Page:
From interviewing the parents, staff, and students, they felt that Tzu Chi School is different from other private schools. Our members are like family and feel safe, comfortable, and happy in this environment. They also felt that Tzu Chi’s curriculum was very diverse, not only in academics, but also in bilingualism and environmental science, which the judges felt was very unique.”

Oberreiter kindly shared some of her observations, and what impressed her the most about Tzu Chi Elementary School and Preschool in Walnut:

Many, many factors impressed me as a former principal as well. But I think the immersion program impressed me the most – that ability to bring in both languages. Also, the dedication of the teachers. The dedication of the parents to enroll in a very small school, and some of the parents are driving in from pretty far away for their [children’s] education. Something else that impressed me was the curriculum offered to the students – it wasn’t just opening up the books, but it was that hands-on curriculum; that they were able to use not just ‘all the time, computers’ like everybody is using these days, but that handson approach. That was very, very impressive. What we also saw was a very strong ability to grow for many future years to come, as well as sustainability. That’s another important factor when we first come and look at a school. ‘Is the school able to continue for many more years?’ And so, we saw all of that. And I must say that, in some of the classes that I viewed virtually, the kids were having fun. They were enjoying their education, and that’s what it’s all about, for students to enjoy learning and seeing them grow from that.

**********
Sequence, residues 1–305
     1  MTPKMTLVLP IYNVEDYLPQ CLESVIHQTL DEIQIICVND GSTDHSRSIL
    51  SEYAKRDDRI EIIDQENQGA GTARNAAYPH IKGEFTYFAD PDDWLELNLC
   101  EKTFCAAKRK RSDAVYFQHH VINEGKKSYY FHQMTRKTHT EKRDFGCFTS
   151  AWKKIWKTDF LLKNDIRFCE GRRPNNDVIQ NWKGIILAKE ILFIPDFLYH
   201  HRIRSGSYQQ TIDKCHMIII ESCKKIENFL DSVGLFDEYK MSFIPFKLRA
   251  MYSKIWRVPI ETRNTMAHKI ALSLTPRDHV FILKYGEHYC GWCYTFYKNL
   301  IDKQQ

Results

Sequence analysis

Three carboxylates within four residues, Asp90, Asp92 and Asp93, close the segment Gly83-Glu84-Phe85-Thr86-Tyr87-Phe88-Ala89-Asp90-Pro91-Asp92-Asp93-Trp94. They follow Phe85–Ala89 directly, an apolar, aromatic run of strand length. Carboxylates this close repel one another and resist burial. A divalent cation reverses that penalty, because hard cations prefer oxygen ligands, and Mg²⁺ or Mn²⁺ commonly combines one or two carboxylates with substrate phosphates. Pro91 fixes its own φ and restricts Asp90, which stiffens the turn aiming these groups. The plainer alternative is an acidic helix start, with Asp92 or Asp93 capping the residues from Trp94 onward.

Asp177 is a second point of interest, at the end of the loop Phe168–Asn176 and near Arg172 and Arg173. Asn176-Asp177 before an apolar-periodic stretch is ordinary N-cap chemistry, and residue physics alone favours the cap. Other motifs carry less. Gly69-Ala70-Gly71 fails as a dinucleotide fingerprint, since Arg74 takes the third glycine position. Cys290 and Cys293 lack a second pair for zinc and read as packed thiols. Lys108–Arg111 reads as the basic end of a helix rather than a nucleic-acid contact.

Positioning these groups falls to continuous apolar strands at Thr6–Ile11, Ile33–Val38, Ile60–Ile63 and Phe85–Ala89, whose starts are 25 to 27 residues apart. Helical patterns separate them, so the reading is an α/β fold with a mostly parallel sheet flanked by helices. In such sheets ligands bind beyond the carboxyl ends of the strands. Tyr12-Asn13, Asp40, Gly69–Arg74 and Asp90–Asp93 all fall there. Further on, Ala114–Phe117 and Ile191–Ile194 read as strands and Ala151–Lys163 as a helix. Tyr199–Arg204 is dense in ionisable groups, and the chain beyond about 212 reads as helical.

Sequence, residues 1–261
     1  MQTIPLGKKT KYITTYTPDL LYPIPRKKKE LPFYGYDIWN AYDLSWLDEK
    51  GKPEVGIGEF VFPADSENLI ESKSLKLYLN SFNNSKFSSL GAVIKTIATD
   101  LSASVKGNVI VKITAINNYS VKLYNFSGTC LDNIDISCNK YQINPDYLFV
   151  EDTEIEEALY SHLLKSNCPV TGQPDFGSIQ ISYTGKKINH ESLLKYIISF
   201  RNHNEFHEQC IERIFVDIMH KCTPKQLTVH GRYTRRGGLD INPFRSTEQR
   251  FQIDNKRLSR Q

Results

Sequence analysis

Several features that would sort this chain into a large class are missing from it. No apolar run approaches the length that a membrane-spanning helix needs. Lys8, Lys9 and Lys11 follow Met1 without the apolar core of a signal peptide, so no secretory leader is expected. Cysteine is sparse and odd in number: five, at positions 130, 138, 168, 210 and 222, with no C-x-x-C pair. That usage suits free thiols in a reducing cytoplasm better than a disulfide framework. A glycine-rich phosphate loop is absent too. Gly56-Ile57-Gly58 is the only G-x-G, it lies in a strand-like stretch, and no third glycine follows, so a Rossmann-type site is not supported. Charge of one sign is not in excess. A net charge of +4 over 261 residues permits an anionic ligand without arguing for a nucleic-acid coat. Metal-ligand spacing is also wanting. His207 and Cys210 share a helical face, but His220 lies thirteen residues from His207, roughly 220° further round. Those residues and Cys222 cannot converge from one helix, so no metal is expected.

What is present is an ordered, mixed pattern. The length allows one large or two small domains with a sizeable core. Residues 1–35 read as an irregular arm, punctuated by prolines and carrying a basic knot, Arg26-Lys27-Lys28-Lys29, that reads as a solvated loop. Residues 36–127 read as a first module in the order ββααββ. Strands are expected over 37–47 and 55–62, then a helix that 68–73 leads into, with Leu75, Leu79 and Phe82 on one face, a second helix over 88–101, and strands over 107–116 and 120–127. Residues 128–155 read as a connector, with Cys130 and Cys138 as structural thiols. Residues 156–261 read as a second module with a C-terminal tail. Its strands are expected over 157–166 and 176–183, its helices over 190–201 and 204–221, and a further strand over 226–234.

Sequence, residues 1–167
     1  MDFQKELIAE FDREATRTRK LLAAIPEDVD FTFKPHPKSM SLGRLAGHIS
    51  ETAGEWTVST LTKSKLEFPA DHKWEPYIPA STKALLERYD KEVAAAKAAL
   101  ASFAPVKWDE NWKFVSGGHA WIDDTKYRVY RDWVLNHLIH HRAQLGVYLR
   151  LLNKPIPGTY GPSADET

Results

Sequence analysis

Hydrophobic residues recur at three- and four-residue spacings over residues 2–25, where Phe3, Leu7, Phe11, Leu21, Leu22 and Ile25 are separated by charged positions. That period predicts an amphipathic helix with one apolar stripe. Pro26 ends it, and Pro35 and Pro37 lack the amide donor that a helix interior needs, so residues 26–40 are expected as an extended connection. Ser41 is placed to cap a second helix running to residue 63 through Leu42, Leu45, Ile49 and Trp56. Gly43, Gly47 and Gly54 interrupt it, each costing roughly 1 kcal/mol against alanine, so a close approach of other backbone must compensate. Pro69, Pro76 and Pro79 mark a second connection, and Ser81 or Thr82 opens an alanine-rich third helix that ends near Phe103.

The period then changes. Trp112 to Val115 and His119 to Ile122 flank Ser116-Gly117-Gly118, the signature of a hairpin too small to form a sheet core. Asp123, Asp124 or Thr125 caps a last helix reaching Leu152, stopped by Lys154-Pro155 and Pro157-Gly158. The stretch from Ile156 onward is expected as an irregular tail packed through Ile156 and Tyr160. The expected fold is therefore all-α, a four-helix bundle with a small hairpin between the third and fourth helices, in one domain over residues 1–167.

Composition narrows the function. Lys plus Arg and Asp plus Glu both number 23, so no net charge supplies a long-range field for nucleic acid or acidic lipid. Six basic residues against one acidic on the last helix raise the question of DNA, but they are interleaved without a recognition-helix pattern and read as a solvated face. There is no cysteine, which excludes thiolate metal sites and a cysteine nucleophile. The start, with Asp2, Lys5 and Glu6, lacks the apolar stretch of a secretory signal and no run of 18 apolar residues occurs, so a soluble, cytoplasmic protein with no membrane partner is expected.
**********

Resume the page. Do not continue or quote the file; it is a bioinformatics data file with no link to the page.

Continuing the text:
Parents will even drive a great distance to get to the preschool and elementary school on the Tzu Chi Walnut Campus, valuing the education their children receive there. Photo/Ihsuan Tsai
The curriculum provides many opportunities for handson learning, not just book study or work on the computer. Photo/Shuli Lo

The Future Looks Bright

Debbie Lee and the Buddhist Tzu Chi Education Foundation are thrilled about this milestone and what it represents. As the only WASC accredited Tzu Chi school to date, Tzu Chi Elementary School and Preschool in Walnut can be used as a benchmark and training ground for other Tzu Chi schools, thus benefiting them al

WASC is an international level accreditation, and it is also an internationally credible accreditation organization, including many famous colleges and universities, such as Harvard, are WASC accredited schools. Schools that are accredited represent a certain level of academic performance. If you pass WASC accreditation, it means that your school has reached a certain level, and it will certainly be a plus to apply for other accreditation, awards or grants in the future.